Continuum of Families Needing Primary and Secondary Prevention Services

Families are on a continuum of coping and need different types of services and interventions along that continuum. The following scale can help mandated reporters recognize how they can provide the type of help needed and prevent families from progressing along the continuum.

A Continuum of Family and Children’s Services
All Families
  • Advocacy
  • Income supports
  • Housing
  • Health care
  • Child care
  • Family centered work policies
  • Parent education
  • Development-enhancing education
  • Recreation
  • Family planning services
  • School-linked health and social services
  • Information and referral services
Low risk families needing
additional support/facing
minor challenges
  • Family support centers
  • Family resource programs
  • Home visiting programs
  • Family counseling
  • Parent aide services
  • Support groups
  • Services for single parents
At-risk families needing
specialized assistance/
facing serious challenges
  • Alcohol and drug treatment
  • Respite child care
  • Special health services
  • Special education services
  • Adolescent pregnancy/parenting services
  • Mental health services
  • Services for developmentally disabled and emotionally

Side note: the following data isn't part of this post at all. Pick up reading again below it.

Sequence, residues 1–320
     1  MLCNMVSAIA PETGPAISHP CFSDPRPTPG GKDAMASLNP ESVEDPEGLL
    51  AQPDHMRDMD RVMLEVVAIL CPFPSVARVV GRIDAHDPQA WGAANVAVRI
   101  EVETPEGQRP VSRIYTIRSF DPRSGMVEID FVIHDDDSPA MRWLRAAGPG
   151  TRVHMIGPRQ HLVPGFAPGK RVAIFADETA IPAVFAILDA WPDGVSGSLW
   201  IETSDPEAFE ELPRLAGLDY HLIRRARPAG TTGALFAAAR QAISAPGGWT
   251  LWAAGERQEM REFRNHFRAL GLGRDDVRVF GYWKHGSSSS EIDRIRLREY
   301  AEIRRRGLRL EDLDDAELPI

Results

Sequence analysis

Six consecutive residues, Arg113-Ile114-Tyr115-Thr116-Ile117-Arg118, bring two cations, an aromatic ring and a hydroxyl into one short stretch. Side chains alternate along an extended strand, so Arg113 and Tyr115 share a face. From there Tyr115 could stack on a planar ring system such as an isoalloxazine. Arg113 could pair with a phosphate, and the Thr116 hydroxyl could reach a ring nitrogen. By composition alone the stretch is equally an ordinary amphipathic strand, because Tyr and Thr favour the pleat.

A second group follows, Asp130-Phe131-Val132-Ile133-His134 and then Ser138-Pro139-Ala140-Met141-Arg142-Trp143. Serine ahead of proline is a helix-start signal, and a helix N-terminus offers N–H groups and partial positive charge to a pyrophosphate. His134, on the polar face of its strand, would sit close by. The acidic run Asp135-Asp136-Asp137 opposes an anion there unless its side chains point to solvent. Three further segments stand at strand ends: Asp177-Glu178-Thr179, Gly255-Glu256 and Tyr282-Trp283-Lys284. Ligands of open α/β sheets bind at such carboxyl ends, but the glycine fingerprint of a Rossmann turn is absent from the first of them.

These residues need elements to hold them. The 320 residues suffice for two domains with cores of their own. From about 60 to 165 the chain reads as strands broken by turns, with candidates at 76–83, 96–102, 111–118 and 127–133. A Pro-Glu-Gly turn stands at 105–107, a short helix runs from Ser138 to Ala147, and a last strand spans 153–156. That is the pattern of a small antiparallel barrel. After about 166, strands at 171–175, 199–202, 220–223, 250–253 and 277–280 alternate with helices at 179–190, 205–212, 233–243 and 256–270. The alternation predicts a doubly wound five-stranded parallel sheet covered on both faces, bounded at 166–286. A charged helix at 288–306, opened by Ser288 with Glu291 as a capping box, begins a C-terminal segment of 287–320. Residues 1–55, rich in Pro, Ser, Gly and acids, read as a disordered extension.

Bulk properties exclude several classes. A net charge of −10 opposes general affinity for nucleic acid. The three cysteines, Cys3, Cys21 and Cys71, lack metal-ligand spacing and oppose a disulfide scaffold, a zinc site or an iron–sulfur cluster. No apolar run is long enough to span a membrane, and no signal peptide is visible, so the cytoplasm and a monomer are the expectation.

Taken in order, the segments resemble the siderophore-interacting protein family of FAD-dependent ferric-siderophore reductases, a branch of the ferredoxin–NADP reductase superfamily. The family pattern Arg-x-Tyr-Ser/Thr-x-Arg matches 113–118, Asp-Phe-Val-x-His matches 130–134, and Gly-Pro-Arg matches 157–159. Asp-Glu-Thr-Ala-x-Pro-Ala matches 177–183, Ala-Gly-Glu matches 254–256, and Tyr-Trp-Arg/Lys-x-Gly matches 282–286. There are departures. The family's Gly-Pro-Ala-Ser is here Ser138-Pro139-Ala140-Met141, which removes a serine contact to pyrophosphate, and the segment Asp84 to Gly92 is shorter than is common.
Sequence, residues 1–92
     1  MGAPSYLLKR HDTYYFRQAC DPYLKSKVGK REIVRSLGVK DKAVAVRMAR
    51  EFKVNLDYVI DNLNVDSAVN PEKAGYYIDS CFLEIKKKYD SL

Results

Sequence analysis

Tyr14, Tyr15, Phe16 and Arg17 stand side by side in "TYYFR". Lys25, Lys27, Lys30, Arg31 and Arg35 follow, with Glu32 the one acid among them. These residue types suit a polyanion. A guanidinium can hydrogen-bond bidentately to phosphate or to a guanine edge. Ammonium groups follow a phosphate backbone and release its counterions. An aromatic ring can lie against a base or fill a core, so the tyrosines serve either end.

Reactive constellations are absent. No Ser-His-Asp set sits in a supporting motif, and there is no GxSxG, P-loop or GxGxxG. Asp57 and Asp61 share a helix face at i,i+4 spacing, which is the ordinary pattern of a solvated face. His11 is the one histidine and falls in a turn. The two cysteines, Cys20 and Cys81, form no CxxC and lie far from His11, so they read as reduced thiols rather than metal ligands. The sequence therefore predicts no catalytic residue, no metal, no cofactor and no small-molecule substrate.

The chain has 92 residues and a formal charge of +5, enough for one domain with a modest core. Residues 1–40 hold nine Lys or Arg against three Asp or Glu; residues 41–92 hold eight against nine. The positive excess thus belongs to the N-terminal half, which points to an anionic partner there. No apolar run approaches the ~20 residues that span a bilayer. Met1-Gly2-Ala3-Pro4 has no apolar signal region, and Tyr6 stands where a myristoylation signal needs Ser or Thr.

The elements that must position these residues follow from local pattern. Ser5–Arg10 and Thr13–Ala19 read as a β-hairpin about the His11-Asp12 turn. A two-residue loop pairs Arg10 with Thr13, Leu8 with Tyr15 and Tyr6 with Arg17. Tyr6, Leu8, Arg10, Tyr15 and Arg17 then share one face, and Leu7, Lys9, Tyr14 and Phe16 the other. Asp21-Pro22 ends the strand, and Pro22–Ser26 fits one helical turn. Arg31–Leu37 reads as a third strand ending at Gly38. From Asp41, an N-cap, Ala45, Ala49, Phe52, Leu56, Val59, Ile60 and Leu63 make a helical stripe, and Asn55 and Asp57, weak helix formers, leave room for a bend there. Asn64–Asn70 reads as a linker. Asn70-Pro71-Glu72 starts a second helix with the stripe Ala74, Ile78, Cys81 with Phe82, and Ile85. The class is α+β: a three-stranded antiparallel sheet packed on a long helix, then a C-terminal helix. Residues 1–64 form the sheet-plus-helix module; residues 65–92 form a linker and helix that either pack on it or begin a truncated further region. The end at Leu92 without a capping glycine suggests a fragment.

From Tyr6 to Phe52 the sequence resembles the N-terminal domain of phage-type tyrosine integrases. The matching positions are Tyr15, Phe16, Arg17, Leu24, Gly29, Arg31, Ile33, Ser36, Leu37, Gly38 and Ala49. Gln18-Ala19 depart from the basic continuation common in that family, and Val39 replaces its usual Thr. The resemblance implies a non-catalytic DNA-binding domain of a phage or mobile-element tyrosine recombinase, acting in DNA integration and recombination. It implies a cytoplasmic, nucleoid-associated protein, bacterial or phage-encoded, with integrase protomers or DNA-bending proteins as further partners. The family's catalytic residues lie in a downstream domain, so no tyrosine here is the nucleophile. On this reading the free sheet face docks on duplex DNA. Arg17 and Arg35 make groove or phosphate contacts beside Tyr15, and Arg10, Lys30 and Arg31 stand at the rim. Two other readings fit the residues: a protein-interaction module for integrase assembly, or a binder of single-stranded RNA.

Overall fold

• disturbed children and their families
  • Child protective services
High risk families
in crisis or at risk of
children at serious risk
  • Child protective services
  • Intensive family preservation services
  • Services for chronically neglectful families
  • Services for runaway children and their families
  • Domestic violence shelters
  • Domestic violence counseling
Families in which children
cannot be protected within
the home/needing
restorative services
  • Diagnostic centers
  • Foster family homes
  • Therapeutic foster homes
  • Group homes
  • Therapeutic group homes
  • Residential treatment centers
  • Reunification services
Families who cannot
be reunified
  • Adoption services
  • Independent living services
Source: The Future of Children, Volume 8. No. 1, Spring 1998 Center for the Future of Children, the David and Lucile Packard Foundation.